- A relatively long-acting benzodiazepine (e.g., diazepam) will first be substituted for the benzodiazepine previously used if the individual has benzodiazepine dependence. Then, it will be tapered slowly to ease withdrawal over a more extended amount of time.8
People with significant alcohol dependence may be at risk of severe withdrawal and should not attempt to quit alcohol “cold turkey” because of the increased likelihood of seizure development or other withdrawal-associated complications. For many, alcohol withdrawal is uncomfortable, but in some instances, it can also prove life-threatening if not appropriately managed through medical detox efforts.
Alcohol is a central nervous system depressant, or CNS depressant, and abruptly quitting or slowing use after developing dependence can result in potentially dangerous nervous system excitation as the body restores equilibrium. Alcohol withdrawal symptoms may arise within hours of the last drink. Still, some of the more serious risks remain a factor for several days.
Symptoms of Withdrawal for Alcohol
Individuals who are dependent on alcohol may experience some of the following distressing alcohol withdrawal symptoms when trying to quit:2,9
It is not always that straightforward to predict who is at the highest risk for severe withdrawal and withdrawal complications. However, the likelihood of experiencing significant withdrawal increases with the average quantity and frequency of drinking. People with certain concurrent medical issues, a history of polysubstance use, and those who have experienced previous episodes of alcohol withdrawal may be at additional risk.
While alcohol withdrawal can start within the first few hours after the last drink, delirium tremens may not start until a few days later, and appear suddenly, making alcohol withdrawal safest when monitored around the clock by medical professionals.
Heroin & Opiate Withdrawal
Heroin belongs to the opioid class of drugs. Opioids work by attaching to and activating opioid receptors throughout the body. Opioid receptor activation is associated with a subsequent release of dopamine in the brain, which serves to reinforce the continued use of opioid drugs for their pleasurable effects.10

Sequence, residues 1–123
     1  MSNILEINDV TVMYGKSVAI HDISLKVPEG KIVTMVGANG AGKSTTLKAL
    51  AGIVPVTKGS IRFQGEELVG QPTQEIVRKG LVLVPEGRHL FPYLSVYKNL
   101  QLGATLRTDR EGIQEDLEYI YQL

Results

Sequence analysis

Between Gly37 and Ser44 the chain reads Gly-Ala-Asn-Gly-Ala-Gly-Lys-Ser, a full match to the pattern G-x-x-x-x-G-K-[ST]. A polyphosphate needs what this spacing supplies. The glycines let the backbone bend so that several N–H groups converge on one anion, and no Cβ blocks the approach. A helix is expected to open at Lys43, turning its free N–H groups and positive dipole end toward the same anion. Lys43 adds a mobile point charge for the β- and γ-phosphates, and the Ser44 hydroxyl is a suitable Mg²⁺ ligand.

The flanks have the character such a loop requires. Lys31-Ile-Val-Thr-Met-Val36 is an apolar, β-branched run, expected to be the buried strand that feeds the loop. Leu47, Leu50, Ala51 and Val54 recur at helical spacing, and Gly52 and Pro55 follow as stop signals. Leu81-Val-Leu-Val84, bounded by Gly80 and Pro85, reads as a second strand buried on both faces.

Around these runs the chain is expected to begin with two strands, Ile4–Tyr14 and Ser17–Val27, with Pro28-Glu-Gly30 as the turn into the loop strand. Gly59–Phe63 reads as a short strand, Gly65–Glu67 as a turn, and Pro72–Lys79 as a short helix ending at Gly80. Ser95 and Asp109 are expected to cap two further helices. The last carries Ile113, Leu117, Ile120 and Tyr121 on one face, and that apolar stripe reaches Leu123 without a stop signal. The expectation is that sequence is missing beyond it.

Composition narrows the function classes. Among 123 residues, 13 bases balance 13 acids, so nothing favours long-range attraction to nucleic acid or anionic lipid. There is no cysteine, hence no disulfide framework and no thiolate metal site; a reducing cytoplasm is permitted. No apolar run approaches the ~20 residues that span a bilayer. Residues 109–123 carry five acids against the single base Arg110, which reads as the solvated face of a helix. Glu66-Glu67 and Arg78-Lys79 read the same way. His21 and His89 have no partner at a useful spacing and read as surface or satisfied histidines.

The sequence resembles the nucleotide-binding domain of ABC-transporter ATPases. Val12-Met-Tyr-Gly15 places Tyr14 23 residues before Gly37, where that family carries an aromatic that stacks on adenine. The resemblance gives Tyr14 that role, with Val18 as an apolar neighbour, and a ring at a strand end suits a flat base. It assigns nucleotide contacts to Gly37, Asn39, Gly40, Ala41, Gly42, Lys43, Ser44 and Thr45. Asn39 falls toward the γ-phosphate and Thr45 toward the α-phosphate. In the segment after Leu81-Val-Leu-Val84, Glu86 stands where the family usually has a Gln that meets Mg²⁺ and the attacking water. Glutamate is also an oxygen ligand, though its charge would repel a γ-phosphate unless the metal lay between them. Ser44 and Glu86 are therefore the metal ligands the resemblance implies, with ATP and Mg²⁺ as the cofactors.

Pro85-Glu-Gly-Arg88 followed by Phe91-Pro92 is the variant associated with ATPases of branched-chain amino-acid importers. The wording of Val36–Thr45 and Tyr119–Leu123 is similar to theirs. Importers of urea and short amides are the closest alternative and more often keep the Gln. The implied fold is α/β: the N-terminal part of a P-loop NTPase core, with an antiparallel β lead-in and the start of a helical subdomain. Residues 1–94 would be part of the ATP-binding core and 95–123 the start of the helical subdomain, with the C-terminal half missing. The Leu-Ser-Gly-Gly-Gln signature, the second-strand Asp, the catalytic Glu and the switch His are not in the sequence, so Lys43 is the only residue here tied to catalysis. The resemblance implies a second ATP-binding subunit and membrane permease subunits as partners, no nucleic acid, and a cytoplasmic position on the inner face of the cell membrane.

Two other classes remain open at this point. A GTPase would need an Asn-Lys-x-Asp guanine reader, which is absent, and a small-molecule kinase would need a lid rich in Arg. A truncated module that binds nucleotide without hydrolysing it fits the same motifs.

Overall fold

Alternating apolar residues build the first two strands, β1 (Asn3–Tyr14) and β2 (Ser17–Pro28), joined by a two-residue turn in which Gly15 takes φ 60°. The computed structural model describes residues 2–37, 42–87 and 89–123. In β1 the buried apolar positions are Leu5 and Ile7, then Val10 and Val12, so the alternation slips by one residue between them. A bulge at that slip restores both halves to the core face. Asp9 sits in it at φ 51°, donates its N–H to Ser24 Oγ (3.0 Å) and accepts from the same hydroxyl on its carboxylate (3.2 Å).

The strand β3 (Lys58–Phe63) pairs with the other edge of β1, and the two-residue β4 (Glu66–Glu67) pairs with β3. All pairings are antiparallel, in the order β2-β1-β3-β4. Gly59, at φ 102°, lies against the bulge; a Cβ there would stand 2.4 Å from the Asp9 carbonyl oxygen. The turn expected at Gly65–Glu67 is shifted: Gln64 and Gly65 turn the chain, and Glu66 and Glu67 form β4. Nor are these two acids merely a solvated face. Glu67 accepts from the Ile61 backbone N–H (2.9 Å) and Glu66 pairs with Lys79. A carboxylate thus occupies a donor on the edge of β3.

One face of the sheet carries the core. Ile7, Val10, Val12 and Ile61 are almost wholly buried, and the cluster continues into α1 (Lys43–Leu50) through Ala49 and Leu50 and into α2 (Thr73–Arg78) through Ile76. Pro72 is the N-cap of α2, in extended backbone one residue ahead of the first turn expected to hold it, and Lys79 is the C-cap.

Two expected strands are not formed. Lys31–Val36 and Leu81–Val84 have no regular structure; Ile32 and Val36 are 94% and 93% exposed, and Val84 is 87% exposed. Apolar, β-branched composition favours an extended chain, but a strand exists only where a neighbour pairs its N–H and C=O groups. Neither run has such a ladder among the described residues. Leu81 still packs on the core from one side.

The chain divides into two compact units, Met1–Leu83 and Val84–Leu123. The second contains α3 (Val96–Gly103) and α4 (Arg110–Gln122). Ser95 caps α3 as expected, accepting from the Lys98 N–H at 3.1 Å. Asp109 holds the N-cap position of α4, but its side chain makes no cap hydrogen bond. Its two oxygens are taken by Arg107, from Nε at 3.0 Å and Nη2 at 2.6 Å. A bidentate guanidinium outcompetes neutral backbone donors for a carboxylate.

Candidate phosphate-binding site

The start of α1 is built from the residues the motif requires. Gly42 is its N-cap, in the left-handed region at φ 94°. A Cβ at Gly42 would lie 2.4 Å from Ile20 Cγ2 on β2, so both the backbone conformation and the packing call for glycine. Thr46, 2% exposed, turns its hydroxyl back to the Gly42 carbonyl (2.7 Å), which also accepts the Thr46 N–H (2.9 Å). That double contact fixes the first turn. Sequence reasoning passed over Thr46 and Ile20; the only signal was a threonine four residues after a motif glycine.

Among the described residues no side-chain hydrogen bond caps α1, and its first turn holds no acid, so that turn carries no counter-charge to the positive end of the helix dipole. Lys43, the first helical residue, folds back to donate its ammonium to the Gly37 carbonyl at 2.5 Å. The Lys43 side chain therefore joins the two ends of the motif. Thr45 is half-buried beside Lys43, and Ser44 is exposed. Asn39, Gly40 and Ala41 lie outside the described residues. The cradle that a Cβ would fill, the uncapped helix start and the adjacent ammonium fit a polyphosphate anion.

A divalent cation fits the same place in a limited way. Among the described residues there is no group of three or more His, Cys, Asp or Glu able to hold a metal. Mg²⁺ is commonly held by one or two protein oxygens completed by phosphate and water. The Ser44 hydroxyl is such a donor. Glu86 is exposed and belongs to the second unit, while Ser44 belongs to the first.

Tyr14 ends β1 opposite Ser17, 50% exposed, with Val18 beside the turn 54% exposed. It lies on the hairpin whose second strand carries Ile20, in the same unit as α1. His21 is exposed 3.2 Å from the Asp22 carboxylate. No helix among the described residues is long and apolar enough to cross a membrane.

Opioids are a widely abused and highly addictive class of drugs. Some degree of opioid dependence may develop after short periods of use, even when taken according to a prescription, in the case of prescription painkillers.
Opioid medications, when used under the supervision of a medical doctor, successfully alleviate physical pain caused by injury, illness, or surgery. Misuse of these drugs can greatly increase the risk of someone becoming physiologically dependent on them.
Symptoms of Withdrawal for Opioids
The acute opioid withdrawal syndrome may include several characteristic symptoms, such as:8,11
Although withdrawal from heroin and other opioids is rarely associated with life-threatening complications, enduring the sometimes markedly unpleasant symptoms can present unnecessary challenges to recovery. The mere discomfort of withdrawal—which some describe as mimicking a bad case of the flu—can lead to immense physical and psychological distress.11
Left unmanaged, opioid withdrawal can easily drive someone toward immediate relapse, which can derail recovery attempts.
Benzodiazepines, or “benzos” as they are sometimes referred to, are a class of drugs that effectively treat anxiety, panic disorder, and certain types of seizure disorders.
These medications are CNS depressants and work on the brain by increasing activity at receptors for the inhibitory neurotransmitter gamma-aminobutyric acid (GABA). This increase in GABA activity also increases inhibition of brain activity, producing a drowsy or calming effect that may be medically beneficial.12
Some widely prescribed benzodiazepines include:
Symptoms of Withdrawal for Benzodiazepine
Potential symptoms of benzo withdrawal may include:
When used as prescribed under the care of a physician, benzos can help many people manage anxiety, panic, and certain other conditions. However, misuse increases the risk of developing significant dependence on these drugs.
Cocaine is an exquisitely addictive stimulant drug that influences the brain’s reward center by blocking the removal of dopamine from the synapses.13 This effect in the brain reinforces cocaine use and lays the groundwork for eventual compulsive patterns of use. In turn, this can drive the development of physiological dependence to the drug.
When someone abruptly stops using cocaine, they may experience a severe, negative change in their mood. A dependent user may experience cocaine withdrawal within the first day of their last use, and their withdrawal symptoms could last weeks.
Symptoms of Withdrawal for Cocaine
Cocaine withdrawal is rarely physically dangerous, but may include several distressing psychological symptoms, such as: